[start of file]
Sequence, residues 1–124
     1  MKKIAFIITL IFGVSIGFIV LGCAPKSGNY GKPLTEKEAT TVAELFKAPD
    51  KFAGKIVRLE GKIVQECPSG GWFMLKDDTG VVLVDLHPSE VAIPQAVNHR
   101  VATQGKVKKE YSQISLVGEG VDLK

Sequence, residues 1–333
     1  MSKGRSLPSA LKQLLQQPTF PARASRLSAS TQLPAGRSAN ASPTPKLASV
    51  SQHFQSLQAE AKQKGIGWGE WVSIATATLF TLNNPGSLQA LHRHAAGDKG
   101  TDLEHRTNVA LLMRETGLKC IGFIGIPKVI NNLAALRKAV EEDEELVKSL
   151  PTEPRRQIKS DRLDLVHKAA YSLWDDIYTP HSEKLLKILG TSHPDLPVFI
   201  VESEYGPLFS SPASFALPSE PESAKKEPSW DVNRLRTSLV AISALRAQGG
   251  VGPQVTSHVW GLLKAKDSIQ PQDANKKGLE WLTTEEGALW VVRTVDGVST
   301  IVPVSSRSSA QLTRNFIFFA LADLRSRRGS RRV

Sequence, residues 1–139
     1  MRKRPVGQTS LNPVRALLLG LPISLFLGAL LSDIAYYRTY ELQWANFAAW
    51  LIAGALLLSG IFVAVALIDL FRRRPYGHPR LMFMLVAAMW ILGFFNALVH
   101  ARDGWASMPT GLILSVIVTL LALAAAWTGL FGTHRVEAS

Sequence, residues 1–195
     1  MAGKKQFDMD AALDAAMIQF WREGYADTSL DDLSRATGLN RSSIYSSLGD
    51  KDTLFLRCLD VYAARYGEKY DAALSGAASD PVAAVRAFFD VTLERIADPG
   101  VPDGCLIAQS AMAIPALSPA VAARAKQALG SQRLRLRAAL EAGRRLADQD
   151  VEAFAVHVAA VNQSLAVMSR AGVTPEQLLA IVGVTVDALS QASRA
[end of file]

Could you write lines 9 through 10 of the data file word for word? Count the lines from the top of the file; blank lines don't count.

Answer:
   151  PTEPRRQIKS DRLDLVHKAA YSLWDDIYTP HSEKLLKILG TSHPDLPVFI
   201  VESEYGPLFS SPASFALPSE PESAKKEPSW DVNRLRTSLV AISALRAQGG